Ypsilanti Citizen News Lincoln Schools

City Council approves all mayor's re-appointments
By Dan DuChene
Jun. 16, 2010   ·   3:42 a.m.

Jone Coleman, president of downtown business LookInTheAttic, shares his thoughts with City Council about the discussion and procedure taken to pass mayoral re-appointments, which he was being considered for the Downtown Development Authority.

After much procedure, Ypsilanti City Council approved six mayoral re-appointments to city boards and committees Tuesday, including the two postponed from earlier...read more

Council postpones two reappointments
By Mark Tower
Jun. 4, 2010   ·   4:57 p.m.

Two of Ypsilanti's volunteer board members were not reappointed on schedule Tuesday night, owing to a 4-2 vote by City Council to delay the appointments until...read more

Downtown properties to be rehabilitated
By Mark Tower
Jun. 4, 2010   ·   10:40 a.m.

The three properties located at 120, 122 and 124 West Michigan Avenue in downtown Ypsilanti will soon be rebuilt into commercial and office space and loft apartments, thanks to a planned $1.7 million investment by developers.

Three recently-vacated properties in downtown Ypsilanti, two of them condemned, will soon be renovated owing to recent purchase by a local development company and...read more

Ypsilanti Township authorizes litigation against Liberty Square
By Mark Tower
May. 28, 2010   ·   6:53 p.m.

Many of the homes in the Liberty Square complex on Grove Street in Ypsilanti Township are already boarded and ready for foreclosure sale. All 151 units, some of which are still occupied, will be condemned Tuesday, Ypsilanti Township has resolved.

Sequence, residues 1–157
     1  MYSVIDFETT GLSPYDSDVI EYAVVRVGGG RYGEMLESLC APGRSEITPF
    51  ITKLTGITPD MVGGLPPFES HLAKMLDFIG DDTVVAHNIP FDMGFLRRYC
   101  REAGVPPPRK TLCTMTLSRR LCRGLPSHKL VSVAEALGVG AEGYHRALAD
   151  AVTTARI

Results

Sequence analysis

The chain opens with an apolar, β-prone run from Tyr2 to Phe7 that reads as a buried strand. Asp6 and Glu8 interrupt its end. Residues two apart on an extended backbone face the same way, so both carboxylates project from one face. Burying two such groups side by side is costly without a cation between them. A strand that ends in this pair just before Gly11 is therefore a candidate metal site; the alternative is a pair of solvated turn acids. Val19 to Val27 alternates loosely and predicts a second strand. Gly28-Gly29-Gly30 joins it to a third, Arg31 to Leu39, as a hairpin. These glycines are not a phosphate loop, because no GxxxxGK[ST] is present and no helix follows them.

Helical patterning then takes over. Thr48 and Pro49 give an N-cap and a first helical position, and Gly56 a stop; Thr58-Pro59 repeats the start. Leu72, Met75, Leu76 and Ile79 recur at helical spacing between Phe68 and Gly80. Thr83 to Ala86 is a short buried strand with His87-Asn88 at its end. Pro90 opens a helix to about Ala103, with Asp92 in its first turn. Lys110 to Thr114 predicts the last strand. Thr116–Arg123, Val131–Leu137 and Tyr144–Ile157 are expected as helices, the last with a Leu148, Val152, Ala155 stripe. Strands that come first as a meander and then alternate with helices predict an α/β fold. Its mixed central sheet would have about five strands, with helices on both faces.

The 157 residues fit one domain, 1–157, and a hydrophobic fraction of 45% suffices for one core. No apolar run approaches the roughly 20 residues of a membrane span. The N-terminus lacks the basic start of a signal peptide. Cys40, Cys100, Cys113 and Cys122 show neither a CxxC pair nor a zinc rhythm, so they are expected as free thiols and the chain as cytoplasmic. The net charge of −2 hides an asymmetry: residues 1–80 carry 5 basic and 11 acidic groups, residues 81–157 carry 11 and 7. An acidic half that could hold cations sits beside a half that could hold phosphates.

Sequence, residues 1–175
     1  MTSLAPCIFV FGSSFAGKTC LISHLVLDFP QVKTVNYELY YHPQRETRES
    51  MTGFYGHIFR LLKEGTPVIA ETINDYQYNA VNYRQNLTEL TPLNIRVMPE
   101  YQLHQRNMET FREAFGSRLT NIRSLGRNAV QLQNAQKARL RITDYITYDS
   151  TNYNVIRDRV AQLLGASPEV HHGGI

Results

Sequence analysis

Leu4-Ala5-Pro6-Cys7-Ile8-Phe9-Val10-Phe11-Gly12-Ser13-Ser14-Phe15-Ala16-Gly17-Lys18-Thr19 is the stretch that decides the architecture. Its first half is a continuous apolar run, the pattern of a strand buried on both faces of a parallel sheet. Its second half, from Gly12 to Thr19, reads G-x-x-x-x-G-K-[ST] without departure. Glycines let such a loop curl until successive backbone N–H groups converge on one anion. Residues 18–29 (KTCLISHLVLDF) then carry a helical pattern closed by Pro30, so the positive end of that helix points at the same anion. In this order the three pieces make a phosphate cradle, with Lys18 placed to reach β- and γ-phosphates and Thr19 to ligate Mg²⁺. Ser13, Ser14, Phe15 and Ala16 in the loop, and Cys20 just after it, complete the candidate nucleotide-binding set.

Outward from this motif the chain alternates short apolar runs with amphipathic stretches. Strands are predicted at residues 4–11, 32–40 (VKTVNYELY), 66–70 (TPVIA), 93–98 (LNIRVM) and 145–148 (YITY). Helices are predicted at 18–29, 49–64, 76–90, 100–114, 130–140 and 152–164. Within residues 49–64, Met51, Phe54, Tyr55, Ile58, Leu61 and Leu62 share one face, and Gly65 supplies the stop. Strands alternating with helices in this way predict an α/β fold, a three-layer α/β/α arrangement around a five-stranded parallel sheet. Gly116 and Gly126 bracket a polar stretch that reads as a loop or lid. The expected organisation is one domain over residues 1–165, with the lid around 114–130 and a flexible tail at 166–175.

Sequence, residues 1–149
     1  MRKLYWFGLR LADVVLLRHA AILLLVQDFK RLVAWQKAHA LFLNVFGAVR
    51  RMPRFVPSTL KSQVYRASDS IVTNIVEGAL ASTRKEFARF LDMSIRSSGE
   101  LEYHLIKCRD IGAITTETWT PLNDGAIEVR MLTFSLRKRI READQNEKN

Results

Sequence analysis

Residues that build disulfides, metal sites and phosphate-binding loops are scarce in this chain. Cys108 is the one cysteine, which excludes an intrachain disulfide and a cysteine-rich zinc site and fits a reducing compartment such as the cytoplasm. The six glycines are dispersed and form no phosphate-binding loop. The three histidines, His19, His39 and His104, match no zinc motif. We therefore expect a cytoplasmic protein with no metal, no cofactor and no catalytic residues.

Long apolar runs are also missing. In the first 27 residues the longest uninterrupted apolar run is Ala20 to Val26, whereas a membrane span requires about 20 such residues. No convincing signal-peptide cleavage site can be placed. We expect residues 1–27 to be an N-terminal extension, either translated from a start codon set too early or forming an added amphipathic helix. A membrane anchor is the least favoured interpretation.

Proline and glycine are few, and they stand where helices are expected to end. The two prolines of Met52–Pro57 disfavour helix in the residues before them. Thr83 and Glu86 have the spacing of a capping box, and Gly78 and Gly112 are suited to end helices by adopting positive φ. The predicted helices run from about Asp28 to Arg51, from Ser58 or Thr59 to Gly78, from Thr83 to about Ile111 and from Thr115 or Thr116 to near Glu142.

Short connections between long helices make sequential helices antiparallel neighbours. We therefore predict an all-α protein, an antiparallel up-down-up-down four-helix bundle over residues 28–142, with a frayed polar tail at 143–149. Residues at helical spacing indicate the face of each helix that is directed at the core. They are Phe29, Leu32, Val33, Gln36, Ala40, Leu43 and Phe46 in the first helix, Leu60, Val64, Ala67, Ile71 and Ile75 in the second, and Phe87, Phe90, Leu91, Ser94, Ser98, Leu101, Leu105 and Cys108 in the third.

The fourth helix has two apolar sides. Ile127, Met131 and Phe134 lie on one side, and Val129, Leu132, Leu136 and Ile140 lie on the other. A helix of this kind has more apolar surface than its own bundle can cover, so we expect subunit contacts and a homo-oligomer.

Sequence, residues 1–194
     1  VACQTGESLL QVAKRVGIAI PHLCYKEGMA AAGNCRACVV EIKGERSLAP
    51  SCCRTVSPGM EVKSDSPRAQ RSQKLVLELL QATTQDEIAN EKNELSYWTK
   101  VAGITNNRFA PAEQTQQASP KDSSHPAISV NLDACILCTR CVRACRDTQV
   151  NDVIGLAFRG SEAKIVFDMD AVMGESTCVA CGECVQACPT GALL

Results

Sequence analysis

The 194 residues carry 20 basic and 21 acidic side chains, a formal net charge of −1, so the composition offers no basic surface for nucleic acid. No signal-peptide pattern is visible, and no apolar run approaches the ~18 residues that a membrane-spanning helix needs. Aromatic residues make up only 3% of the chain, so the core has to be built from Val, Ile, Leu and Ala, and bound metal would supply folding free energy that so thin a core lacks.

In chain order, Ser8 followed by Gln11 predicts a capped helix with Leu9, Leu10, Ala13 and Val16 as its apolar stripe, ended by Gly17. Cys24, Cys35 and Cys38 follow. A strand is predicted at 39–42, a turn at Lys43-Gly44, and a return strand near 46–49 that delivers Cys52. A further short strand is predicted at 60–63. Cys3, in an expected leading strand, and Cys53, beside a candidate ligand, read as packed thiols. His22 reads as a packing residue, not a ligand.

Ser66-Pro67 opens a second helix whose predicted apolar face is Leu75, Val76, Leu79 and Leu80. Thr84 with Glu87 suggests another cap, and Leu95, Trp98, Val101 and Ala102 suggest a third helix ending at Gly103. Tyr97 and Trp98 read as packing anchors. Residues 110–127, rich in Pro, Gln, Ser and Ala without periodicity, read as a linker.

Residents living in the Liberty Square complex of townhouses will see a sticker appear on their homes Tuesday, when the Ypsilanti Township Building Department places...read more

Ford plant granted tax exemption by township
By Mark Tower
May. 24, 2010   ·   5:44 p.m.

Ford Motor Company's Rawsonville Plan, located at the intersection of Textile and Bridge Roads in Ypsilanti Township, will soon be the new home for production of Ford's Electric Focus batteries, formerly produced in Mexico.

New machines and equipment will soon be wheeled into Ford's Rawsonville Plant in Ypsilanti Township as it begins manufacturing a line of batteries for the new global...read more

Council eyes snow ordinance

Snow removal enforcement was encouraged by City Council after repeated complaints some property owners do not shovel. The old Motor Wheel facility, above, was on that list of repeat offenders. Photo by Citizen File

Snow removal enforcement was encouraged by City Council after repeated complaints some property owners do not shovel. The old Motor Wheel facility, above, was on that list of repeat offenders.
Dr. Kimberly A. Rice DDS

Changes to fees, process approved in Ypsilanti

By Dan DuChene
Oct. 21, 2009    ·    11:30 a.m.


Before the winter weather arrives in Ypsilanti, City Council took on the snow removal ordinance for discussion Tuesday.

The discussion, which took place at the regular meeting Tuesday night, comes after a boondoggle in last winter’s first enforcement of the ordinance.

In February, the city issued $85 invoices to 340 residents after they allegedly had not adequately removed snow from their sidewalks following a snowfall in January. An ordinance passed by City Council in Dec. 2008 gave residents 48 hours to remove snow and ice from sidewalks after a storm.